This year's Wood Awards winners announced

The winners of the 45th annual Wood Awards were announced at a ceremony held last month at Carpenters’ Hall in London.


Arnold Laver Gold Award & Structural Award

The Arnold Laver Gold Award is the winner of winners. Maggie’s at the Robert Parfett Building by Foster + Partners, has been awarded this prestigious title (as well as winning the Structural Award). The voting for Maggie’s was unanimous with the judges commenting that the remarkable structure “has brought together the best in engineering, fabrication and architecture”.

The Structural Award was chosen from all of the buildings shortlisted in each category. Maggie’s at the Robert Parfett Building was awarded the Structural Award as it demonstrates that a simple, coherent structural diagram, when beautifully and carefully developed and detailed, can result in a solution of considerable merit.

Maggie’s Centres provide a welcoming ‘home away from home’ – a place of refuge where people affected by cancer can find emotional and practical support. The design of the Manchester centre establishes a domestic atmosphere in a garden setting with a greenhouse and a veranda.

The centre accommodates a range of spaces from intimate private niches to a library. Naturally illuminated by triangular roof lights, the building is supported by lightweight timber lattice beams. The beams act as partitions between different internal areas, visually dissolving the architecture into the gardens. The timber beams are designed as trusses that reflect the magnitude and orientation of the loads acting on them, anything superfluous to the structural support has been removed.

Location: Manchester
Architect: Foster + Partners
Client/Owner: Maggie’s
Structural Engineer: Foster + Partners
Main Contractor: Sir Robert McAlpine
Specialist Contractor: Blumer Lehmann/SJB Engineers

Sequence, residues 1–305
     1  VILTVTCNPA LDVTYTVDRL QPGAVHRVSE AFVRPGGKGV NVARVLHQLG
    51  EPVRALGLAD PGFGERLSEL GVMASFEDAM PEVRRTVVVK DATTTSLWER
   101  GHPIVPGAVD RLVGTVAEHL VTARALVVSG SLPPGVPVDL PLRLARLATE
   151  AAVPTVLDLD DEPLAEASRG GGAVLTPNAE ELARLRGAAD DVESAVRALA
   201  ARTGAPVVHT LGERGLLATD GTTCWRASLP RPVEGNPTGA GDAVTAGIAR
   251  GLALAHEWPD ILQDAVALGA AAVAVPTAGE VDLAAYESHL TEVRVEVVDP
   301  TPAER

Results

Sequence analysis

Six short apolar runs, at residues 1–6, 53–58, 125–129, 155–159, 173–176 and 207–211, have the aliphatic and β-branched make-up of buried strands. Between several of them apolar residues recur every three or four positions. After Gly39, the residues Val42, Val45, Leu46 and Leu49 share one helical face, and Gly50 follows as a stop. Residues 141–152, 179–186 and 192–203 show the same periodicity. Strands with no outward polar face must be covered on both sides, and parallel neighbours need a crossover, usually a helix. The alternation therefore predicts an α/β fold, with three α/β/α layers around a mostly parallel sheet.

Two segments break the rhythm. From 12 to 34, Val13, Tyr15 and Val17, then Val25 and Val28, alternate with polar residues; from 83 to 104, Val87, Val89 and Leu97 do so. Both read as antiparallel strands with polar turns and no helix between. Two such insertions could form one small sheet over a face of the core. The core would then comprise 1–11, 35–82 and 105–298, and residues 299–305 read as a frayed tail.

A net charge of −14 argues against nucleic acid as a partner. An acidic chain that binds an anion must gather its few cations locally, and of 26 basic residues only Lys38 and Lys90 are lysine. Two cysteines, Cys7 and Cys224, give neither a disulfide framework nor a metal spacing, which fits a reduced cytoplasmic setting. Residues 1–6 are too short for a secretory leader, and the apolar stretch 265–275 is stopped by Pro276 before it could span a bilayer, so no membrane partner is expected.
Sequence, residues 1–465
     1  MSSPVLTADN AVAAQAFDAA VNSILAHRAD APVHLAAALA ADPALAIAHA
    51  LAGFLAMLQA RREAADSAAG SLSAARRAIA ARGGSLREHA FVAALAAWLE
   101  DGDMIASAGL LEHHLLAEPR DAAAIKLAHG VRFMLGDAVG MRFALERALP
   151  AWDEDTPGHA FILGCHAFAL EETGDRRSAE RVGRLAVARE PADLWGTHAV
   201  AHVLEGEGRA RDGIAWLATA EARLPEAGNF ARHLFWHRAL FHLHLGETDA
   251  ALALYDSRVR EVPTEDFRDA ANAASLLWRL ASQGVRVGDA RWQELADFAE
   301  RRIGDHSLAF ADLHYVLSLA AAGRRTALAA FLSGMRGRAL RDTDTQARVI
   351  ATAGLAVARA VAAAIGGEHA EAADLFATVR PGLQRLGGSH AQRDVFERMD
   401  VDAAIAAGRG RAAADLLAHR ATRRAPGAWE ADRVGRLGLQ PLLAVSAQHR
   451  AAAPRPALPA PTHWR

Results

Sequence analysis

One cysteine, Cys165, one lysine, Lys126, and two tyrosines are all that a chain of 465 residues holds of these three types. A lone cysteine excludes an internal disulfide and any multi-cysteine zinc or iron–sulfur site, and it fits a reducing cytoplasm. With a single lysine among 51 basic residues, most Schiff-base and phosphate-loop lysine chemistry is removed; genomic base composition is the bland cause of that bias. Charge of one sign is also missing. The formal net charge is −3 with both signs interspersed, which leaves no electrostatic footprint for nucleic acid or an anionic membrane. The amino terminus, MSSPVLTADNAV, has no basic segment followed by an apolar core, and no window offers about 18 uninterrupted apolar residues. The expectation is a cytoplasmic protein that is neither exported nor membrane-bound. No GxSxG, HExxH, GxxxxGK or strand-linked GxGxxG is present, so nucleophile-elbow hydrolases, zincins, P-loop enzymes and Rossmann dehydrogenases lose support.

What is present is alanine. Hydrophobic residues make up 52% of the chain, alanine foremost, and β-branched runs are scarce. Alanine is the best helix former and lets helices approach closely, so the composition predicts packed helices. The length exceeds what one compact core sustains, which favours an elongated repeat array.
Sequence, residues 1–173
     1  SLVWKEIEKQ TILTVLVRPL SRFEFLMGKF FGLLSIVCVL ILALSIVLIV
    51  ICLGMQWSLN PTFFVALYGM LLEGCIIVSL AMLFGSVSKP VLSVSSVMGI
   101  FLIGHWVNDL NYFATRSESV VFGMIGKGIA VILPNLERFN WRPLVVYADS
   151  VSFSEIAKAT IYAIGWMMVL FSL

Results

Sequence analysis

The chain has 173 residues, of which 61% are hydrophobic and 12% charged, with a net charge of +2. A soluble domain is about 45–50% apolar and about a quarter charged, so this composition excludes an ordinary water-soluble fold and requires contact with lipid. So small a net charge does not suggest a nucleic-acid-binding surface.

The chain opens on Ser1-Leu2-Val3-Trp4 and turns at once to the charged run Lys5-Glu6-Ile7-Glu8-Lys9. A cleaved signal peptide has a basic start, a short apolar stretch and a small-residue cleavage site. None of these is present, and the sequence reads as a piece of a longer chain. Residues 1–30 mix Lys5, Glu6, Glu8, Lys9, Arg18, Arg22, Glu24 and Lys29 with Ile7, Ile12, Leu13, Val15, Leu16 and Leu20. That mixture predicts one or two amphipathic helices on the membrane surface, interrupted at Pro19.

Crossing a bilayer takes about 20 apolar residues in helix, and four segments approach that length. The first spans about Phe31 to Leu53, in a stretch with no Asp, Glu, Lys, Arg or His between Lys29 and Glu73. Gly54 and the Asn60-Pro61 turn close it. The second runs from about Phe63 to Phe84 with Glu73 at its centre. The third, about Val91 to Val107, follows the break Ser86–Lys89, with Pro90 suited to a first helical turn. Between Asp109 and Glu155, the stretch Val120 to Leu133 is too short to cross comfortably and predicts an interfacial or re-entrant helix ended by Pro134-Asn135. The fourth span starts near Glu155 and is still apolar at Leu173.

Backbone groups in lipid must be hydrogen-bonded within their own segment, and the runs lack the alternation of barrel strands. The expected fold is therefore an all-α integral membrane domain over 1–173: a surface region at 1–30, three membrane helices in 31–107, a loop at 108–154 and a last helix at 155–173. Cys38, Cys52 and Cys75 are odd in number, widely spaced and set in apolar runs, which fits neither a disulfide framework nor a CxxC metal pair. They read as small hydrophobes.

Landscape Consultant: Dan Pearson Studio
Wood Supplier: Metsa Wood
Wood Species: Nordic Spruce
Photography Credit: Nigel Young

Commercial & Leisure

The judges chose Stihl Treetop Walkway as the Commercial & Leisure winner as it has the ability to inspire all generations to learn more about wood. The Grade I Listed Westonbirt Arboretum is home to one of the finest tree collections in the world. The Stihl Treetop Walkway provides views over this landscape, in particular the ancient woodlands of Silk Wood and across The Downs. At almost 300m, it is the longest structure of its kind in the UK. The walkway bridges across a valley, allowing for ease of access at ground level without any stairs or lifts.

While walking along the structure, the valley falls away beneath and the walkway rises to over 13.5m above the forest floor. The route snakes above and through the tree canopy supported by scissoring timber legs spaced at 10.5m intervals. At four points along the route it widens from 1.9 to 3.7m, providing spaces for pause and reflection. The walkway is a hybrid timber and steel structure. Larch was selected as the principal material given its durability and attractive colour. Scottish larch was selected for the decking and handrail while the columns are Siberian larch as it offers a tighter grain and higher strength-to-weight ratio.

Location: Westonbirt, The National Arboretum, Gloucestershire
Architect: Glenn Howells Architects
Client/Owner: Forestry Commission
Structural Engineer: Buro Happold
Main Contractor: Speller Metcalfe
Joinery Company: S H Structures
Wood Supplier: CTS Bridges (handrail), Ventis & Brasker Masten (column shipwrights), Russwood (decking)
Wood Species: Scottish and Siberian Larch
Photography Credit: Rob Parrish

Education & Public Sector

The judges selected Stanbrook Abbey as the Education & Public Sector category winner as it is spiritually uplifting and sculptural within the landscape. The detailing on the furniture pieces in the church is superb.

Stanbrook Abbey is a new home for the Conventus of Our Lady of Consolation, a Benedictine community of nuns who devote their lives to study, work and prayer. The nuns’ contemplative way of life required spaces that were simple, tranquil and beautiful.